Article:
electrolytic processes are carried on.

You will notice that the electrical energy expended in this
establishment is double that used in the manufacture of carborundum.

The caustic soda, which is one of the products from the decomposition of
salt, is taken to another establishment, where, by still another
electrical process, metallic sodium is manufactured. The process here
being a secret one, the writer did not have the privilege of examining
the details.



CHAPTER XXVII

ELECTRICAL PRODUCTS--ALUMINUM.


Another comparatively new article of manufacture now produced in large
quantities at Niagara Falls is aluminum. Until within the last few years
this metal was not used to any extent by manufacturers, because of the
great expense attending its production. Now, however, it is produced in
such quantities as to make it about as cheap as brass, bulk for bulk.
Aluminum is a very light metal, with a color somewhat lighter than
silver; its specific gravity being about one-third that of iron.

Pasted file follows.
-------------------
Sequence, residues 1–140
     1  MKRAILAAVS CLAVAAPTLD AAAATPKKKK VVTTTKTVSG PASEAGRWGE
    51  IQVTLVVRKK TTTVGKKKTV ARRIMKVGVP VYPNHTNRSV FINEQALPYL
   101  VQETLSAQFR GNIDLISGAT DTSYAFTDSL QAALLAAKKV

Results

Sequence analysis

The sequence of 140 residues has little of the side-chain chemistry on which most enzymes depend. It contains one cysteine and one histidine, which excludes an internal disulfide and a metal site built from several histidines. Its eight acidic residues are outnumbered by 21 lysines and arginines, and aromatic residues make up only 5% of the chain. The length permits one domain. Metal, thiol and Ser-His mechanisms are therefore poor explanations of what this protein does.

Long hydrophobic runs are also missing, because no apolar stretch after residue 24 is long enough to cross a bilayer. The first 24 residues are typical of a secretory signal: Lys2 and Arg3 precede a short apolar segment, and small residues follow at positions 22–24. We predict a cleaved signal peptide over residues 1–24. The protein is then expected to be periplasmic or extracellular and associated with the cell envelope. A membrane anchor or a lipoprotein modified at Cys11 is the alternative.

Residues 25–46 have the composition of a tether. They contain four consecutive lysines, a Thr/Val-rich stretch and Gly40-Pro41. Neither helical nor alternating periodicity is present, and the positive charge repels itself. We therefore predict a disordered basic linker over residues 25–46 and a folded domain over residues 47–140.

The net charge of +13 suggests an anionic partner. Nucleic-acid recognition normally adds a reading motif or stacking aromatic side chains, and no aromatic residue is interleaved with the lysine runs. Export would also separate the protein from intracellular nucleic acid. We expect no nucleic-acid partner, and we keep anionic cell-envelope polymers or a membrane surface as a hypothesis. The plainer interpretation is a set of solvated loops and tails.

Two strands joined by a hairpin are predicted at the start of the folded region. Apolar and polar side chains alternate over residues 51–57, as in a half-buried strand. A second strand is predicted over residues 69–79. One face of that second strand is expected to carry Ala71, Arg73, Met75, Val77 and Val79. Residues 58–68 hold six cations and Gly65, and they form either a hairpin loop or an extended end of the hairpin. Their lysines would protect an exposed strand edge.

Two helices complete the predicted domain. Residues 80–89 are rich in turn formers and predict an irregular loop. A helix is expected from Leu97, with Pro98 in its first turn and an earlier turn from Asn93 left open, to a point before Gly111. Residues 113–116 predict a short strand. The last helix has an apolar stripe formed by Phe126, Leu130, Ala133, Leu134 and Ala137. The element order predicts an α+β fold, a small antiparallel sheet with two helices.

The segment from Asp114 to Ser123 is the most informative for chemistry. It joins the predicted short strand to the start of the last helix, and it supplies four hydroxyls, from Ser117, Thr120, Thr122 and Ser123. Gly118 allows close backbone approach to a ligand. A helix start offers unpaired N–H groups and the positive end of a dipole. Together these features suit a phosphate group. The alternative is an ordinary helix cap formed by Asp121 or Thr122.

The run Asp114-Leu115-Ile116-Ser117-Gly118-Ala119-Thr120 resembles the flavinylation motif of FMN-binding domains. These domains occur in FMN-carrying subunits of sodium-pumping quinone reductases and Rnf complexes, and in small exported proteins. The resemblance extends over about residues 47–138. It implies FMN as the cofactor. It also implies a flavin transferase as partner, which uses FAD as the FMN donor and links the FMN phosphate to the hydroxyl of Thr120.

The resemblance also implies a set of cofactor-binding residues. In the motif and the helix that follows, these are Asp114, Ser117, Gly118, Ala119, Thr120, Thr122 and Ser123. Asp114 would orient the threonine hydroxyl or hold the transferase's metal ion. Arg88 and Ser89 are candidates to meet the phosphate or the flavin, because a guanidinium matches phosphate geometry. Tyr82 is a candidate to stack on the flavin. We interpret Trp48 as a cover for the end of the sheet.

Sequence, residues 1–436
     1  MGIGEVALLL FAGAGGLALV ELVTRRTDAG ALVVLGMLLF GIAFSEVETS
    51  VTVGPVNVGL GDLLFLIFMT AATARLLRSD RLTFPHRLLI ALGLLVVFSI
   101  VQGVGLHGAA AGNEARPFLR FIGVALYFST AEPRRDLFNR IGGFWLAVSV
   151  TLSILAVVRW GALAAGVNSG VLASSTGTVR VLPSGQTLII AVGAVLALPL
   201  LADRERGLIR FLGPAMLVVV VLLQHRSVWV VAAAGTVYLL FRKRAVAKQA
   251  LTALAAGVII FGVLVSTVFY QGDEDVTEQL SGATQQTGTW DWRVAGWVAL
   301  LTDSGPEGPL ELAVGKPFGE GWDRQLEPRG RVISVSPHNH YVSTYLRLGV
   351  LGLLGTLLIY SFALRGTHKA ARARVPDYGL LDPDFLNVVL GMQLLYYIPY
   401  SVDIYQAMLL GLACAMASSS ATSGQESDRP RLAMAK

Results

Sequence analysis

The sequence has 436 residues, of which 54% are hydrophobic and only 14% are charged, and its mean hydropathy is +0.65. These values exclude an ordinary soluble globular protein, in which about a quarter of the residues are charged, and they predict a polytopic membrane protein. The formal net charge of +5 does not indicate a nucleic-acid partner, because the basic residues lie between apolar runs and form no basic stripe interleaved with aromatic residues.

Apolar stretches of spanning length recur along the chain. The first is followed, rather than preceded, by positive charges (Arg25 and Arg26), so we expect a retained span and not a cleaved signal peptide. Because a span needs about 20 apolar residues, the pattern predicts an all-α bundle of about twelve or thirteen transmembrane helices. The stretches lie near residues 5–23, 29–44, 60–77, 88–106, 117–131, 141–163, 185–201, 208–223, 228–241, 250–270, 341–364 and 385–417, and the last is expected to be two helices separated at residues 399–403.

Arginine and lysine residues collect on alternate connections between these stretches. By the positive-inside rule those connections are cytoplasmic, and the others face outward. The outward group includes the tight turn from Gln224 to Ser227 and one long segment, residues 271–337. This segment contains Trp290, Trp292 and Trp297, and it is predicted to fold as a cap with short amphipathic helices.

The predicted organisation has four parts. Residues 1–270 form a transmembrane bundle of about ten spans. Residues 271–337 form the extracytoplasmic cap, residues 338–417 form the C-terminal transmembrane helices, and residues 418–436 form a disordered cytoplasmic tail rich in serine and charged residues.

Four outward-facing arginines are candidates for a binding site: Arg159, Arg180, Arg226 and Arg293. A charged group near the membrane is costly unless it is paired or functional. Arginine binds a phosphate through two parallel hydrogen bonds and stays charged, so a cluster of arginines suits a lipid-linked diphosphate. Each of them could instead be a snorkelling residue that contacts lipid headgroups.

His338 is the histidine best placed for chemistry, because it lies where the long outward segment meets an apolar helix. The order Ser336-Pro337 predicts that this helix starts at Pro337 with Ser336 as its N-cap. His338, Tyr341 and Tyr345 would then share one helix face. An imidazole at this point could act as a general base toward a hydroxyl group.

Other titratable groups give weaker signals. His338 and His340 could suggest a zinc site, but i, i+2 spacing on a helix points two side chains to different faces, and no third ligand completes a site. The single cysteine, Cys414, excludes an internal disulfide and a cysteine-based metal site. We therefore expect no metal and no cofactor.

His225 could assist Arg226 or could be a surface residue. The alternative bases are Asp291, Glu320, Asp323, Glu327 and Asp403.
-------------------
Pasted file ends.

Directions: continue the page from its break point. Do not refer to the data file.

Aluminum is found in one of its compounds in great quantities in nature,
especially in certain kinds of clay and in a state of silicate, as in
feldspar and its associated minerals. It is found in great quantities in
southern Georgia, where it is mixed with the red oxide of iron that
abounds in that region. Here, it exists as alumina, which is an oxide of
aluminum. Before it is taken to the reduction-works the alumina is
separated from all other substances. It is a white powder, tasteless,
and not easily acted upon by acids.

Electricity is the chief agent in the production of metallic aluminum.
The reduction company buys this alumina, which has been separated from
the clay or ores where it is mined. In a large room there are located a
great number of iron vats or crucibles, lined with carbon, about two or
two and one-half feet deep, five or six feet long and four feet wide.

Immediately over each vat is constructed a metal framework, through
which are inserted a large number of carbon rods about eighteen or